If you have the hots for a Cobra but don’t have a spare half mil for the real thing – even supposing you can find one – there’s no alternative but to go the replica route.
That’s what Jonathan decided a few years ago when the Cobra bug bit. A Nelson panelbeater with some light engineering and mechanical experience in the skills mix, he decided not just to go replica, but to build it himself, a project that took more than two years over some 4000 hours.
The two-seater’s powered by a 350 Chev with alloy fast-burn heads, sequential injection, roller cam, and is chipped. But it’s far from a skitterish engine, says Jonathan. “After owning carburetted V8s I find this is a no-fuss engine.” It was built to be a road car, rather than an out-and-out performer, and at one point was being used as a daily driver and for weekend trips. “But these days it only gets used to get the newspaper two or three times a week,” says Jonathan. “Being fuel injected it’s cheap to run, for a V8, and will do 25mpg without any trouble.” It’s so far covered some 26,000km since being first registered in August 2004. “I find it extremely smooth; effortless and quick on winding roads.”
Gearbox is a shift kitted fully rebuilt Th350 auto with a new but modified B&M 1500 stall torque converter, and a Hurst ratchet shifter.
This Cobra can take off with a hiss or a roar. The exhaust has hand-made 4-into-1 headers with HPC-coated hand-made side pipes. “Mufflers behind the rear wheels make to make it a quiet car but caps have been placed in the side pipes for removal, if you want that real V8 sound,” says the builder.
The differential and suspension were taken from a Jag Xj6 and rebuilt. The diff is a 2.88:1 limited-slip. Brake discs are cross drilled Brembos with Jag two-pot calipers in the back and fur in the front. Carrera adjustable shocks are fitted and it all rides on 17x9 ROH rims with 255/45-17 tyres. The chassis is a fully triangulated backbone-style, designed by Jonathan and made of mostly 50 x 1.6mm square RHS tube. All inner panels are alloy sheet (1.2 and 2mm thick) and the engine panels are polished.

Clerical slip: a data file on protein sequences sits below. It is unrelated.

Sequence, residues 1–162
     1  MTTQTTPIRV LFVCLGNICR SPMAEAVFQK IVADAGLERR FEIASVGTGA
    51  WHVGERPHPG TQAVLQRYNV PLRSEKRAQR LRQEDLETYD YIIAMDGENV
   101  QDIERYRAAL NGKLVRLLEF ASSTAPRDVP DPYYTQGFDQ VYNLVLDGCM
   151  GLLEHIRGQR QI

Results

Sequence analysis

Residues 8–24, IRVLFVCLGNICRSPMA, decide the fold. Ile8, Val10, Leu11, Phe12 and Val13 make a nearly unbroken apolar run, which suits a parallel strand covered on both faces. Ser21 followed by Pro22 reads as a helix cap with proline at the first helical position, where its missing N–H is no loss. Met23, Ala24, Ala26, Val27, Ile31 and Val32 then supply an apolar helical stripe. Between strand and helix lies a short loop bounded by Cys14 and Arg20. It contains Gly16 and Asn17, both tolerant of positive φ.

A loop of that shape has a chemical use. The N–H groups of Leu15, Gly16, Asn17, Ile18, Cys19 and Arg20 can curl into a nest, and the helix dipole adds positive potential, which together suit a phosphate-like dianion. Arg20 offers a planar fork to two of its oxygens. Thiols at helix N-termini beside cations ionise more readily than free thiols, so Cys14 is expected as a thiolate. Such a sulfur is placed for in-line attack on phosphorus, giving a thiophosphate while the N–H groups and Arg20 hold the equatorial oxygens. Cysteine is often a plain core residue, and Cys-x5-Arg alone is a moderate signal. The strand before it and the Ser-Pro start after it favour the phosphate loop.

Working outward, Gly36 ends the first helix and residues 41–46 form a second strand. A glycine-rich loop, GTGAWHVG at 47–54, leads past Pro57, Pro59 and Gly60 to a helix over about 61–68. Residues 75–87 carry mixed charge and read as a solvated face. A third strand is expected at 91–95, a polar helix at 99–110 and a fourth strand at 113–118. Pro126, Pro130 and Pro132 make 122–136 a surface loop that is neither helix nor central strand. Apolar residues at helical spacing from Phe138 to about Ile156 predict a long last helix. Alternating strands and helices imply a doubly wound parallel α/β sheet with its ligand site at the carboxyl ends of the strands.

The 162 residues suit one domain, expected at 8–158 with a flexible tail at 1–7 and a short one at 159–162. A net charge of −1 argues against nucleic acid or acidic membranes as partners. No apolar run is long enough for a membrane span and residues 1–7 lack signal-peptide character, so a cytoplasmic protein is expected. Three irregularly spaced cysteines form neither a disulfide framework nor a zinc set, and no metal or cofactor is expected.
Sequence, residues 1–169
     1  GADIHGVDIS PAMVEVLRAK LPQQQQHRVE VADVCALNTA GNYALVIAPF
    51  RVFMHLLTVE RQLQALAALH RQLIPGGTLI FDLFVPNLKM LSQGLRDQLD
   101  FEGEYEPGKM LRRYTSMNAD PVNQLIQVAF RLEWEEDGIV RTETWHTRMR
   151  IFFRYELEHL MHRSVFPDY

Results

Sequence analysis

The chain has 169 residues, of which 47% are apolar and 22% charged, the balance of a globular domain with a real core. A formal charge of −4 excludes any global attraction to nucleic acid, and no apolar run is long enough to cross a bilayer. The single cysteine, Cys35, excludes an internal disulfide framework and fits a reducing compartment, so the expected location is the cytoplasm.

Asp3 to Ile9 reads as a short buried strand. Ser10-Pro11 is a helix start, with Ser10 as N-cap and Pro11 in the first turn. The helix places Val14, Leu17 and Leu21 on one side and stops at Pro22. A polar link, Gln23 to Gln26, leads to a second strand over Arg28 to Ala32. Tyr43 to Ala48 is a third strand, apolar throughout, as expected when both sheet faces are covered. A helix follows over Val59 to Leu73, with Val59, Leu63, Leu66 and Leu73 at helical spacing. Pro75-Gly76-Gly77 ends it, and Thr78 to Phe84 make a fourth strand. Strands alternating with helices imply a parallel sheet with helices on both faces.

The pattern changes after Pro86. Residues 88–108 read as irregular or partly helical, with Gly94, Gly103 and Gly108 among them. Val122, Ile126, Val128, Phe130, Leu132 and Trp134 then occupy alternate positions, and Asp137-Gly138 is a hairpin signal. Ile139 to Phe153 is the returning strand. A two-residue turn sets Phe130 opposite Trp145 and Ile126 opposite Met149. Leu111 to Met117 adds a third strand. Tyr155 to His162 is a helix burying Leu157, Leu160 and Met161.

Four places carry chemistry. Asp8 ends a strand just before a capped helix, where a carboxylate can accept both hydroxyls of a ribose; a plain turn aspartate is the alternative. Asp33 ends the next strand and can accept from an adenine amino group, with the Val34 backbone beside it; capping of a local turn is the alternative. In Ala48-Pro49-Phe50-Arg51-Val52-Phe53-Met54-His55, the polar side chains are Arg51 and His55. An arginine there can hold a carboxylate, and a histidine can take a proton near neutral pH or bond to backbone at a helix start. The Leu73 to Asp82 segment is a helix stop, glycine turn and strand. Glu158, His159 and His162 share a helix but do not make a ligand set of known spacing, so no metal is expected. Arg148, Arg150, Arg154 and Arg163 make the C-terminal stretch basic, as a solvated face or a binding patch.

Purchased in New Zealand, Jonathan says the body caused him a fair amount of trouble. “I had to spend a lot of time making it square and symmetrical, all the inner panels were distorted and had to be thrown away.” He widened the body 180mm at front and 90mm at rear to allow the same track front and rear, improving handling, adding more interior space and eliminating the need for different-sized tyres at each end. All guards were re shaped and Jonathan made the inners for doors, boot and bonnet. The interior is fitted with Autosport seats, four-point harnesses, Smiths gauges and, wait for it, spider webs sewn in the door trims and between the seats. The car comes with a hand-made hard top, which is lined on the inside, with built-in sun visors.
You might think that with all that time, sweat and thought invested, Jonathan and the car would be headed into a long-term affair, but he’s selling it “because at this point I’d rather have a house than a car and due to house prices in Nelson I can’t have both.
“There’s nothing quite like driving a car you have completely made by yourself, from start to finish, but sadly I think it’s time to let someone else have the fun.”
AC Cobra replica, 2004, POA. Call Jonathan on 027 252-8995